There’s been some scrambling as the team looks to replace Jarred Kelenic in the outfield as he gets a re-set in Tacoma. While Taylor Trammell is up for now, he hasn’t had much playing time this year after an early-season injury; recently-signed Justin Upton will likely take over in right once he’s brought up to speed. Kyle Lewis will hopefully be able to provide some oomph out of a strictly DH spot, but it’s better to hope than expect immediate production. It’s unlikely, however, that any recent addition or stopgap measure will truly replace the consistent offense Mitch Haniger brought, so look for this to be a continued area of struggle.

It brings me no joy to report that J.P. Crawford has regressed of late in the way we feared. While his overall numbers still look good, J.P. is down to an 87 wRC+ for the month of May after his torrid April, and since coming back from missing a couple of games due to back spasms after awkwardly sliding into first, things are even more grim: a slash line of just .200/.233/.250 with a 45 wRC+. His on-base ability has taken a hit too over the past couple weeks, with a BB% of just 2.3% against a very un-J.P.-like strikeout rate of almost 28%. J.P. has never struck out at the rate in his career, so this is just an unpleasant stretch for the Mariners’ shortstop, but it’s coming at a time when the team is having trouble stringing together anything consistent offensively.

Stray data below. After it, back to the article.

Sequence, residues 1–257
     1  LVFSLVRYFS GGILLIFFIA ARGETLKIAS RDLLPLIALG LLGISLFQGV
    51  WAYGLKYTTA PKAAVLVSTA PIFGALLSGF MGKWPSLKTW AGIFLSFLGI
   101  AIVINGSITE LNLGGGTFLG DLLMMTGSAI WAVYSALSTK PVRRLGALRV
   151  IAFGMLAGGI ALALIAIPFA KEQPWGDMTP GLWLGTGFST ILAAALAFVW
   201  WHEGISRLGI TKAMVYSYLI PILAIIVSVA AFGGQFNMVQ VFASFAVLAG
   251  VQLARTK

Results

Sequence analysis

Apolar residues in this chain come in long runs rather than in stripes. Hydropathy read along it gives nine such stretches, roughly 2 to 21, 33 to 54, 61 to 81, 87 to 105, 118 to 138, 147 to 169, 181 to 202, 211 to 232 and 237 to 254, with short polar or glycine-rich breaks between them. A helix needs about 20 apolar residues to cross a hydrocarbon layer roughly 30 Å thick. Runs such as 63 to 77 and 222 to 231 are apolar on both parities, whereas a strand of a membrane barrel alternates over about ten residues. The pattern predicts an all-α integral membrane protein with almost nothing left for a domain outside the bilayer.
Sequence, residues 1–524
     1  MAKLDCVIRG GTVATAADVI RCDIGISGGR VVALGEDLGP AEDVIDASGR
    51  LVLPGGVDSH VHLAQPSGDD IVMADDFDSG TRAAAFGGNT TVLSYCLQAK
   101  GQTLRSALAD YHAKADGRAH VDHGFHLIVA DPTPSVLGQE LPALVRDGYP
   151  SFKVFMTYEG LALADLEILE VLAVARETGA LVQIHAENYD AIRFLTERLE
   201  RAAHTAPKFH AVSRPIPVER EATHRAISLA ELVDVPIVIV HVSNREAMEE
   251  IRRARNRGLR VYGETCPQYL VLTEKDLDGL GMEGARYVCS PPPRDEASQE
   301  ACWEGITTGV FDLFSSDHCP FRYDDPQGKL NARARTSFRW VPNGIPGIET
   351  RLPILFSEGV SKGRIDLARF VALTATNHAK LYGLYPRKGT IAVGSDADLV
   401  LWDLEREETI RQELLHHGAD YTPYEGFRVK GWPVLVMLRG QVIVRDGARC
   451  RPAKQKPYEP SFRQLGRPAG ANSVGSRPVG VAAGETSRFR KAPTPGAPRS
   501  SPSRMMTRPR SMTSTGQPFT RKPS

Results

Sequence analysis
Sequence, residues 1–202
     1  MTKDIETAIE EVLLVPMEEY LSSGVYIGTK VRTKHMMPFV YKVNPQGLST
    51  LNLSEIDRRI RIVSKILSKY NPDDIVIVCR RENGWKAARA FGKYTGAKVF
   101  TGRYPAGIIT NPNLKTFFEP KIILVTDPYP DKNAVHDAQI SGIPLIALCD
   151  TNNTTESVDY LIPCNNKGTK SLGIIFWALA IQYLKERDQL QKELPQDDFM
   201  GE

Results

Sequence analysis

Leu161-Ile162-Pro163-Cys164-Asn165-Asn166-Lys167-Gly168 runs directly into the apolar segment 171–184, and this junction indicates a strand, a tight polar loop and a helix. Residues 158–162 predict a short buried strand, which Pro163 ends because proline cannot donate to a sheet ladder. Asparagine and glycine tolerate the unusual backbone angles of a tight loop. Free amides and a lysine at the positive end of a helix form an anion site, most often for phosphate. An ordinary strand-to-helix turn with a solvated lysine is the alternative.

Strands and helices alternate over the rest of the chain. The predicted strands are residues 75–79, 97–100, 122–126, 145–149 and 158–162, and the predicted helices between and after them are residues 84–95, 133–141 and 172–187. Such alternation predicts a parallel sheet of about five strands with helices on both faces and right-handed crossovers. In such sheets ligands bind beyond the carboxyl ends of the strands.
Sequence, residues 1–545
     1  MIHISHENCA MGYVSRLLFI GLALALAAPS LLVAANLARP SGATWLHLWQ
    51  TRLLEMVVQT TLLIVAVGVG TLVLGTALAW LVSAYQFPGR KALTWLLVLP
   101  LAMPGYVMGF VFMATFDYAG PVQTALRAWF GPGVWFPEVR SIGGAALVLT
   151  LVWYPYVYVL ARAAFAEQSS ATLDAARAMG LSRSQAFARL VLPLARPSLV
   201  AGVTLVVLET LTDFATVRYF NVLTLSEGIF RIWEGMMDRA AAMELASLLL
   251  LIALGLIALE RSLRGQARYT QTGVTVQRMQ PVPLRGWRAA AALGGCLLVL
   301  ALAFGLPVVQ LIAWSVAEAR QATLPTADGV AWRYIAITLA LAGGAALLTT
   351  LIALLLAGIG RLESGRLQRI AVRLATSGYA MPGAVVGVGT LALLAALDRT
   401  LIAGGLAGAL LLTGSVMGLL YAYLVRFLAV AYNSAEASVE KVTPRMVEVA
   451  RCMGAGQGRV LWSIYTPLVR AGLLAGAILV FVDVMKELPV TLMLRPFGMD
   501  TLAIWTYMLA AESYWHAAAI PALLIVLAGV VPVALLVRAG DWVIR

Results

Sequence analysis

But in brighter news, there has been a very big change for the positive in the performance of Julio Rodríguez. After stumbling some out of the gate, which is reflected in some of those early losses from this losing stretch, Julio has made massive improvements; after his last bad game (-.200 WPA) on May 5, he’s up to a 165 wRC+ for the remainder of the month, cutting his strikeouts almost in half from where they were at the beginning of the season, while maintaining a solid walk rate (note: these numbers don’t yet include his two-hit, solo HR performance from last night, so expect that number to climb). Since May 6-on, he’s slashing a spectacular .339/.379/.500 (again, not including yesterday), and once he starts getting the ball off the ground and over the infielders’ heads more regularly, look for that slugging number to go up to match his prodigious speed. He’s still a young player and shouldn’t be counted on to carry this offense; he couldn’t solve Michael Wacha in the second game of the Boston series when the pitching staff floundered, racking up a -.135 WPA with no hits, but as it stands, depend on him the Mariners must.

The pitching: Starters (25%); Bullpen (19%)